The following book will be provided to participants at no cost prior to the institute.

  • Catherine Ceniza Choy, Asian American Histories of the United States (New York: Beacon Press, 2022)


The two-week institute consists of ten days of discussions, pedagogy sessions, and field trips (with breaks for lunch and office hours). Participants will have the weekend between the first and second week off. Each day focuses on key primary sources and the latest interpretations of major historical events and periods relating to AAPI history. View a draft of the full schedule here.

Activities are subject to change. A final schedule will be provided to the participants.

In-person and Online Field Trips

The in-person aspect of the institute allows for place-based and object-based learning opportunities at museums and archives in the greater Los Angeles area. A tentative list of sites includes the Chinese American Museum, the Japanese American National Museum, and the Southeast Asian Archive at the University of California-Irvine.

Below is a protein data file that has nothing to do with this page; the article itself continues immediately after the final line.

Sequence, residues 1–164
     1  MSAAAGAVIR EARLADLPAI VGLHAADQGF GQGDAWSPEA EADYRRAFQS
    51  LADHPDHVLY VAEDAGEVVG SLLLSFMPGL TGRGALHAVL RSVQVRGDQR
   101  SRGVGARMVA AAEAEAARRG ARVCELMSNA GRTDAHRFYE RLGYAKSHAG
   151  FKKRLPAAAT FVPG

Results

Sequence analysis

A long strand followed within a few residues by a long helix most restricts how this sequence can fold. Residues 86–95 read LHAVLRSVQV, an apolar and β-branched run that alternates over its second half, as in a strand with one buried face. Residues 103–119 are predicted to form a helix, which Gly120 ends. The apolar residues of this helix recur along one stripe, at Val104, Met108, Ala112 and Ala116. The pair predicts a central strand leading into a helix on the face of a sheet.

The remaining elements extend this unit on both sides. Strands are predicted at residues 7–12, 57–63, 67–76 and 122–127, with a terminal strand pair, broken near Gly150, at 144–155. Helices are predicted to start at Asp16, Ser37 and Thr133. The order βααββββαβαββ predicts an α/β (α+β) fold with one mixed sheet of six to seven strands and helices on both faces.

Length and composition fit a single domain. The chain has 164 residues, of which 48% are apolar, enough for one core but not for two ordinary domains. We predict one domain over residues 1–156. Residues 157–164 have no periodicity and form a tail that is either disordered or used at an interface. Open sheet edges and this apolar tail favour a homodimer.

• Chinese American Museum. On the second full day of the institute participants will visit the Chinese American Museum to view exhibits that celebrate the growth and development of Chinese American enclaves across Los Angeles and greater California. All of the exhibits are wheelchair accessible.
  • Japanese American National Museum. To conclude the first week of the institute, participants will visit the JANM to tour collections chronicling 130 years of Japanese American history, from the “early days of the Issei pioneers through the World War II incarceration to the present.” During the visit, Karalee Nakatsuka, the institute’s master teacher, and museum staff will lead teachers in a 45-minute session on how to teach the history of Japanese American incarceration—with an emphasis on community resilience and resistance—through the use of primary source documents. All of the floors of the JANM are accessible by wheelchair.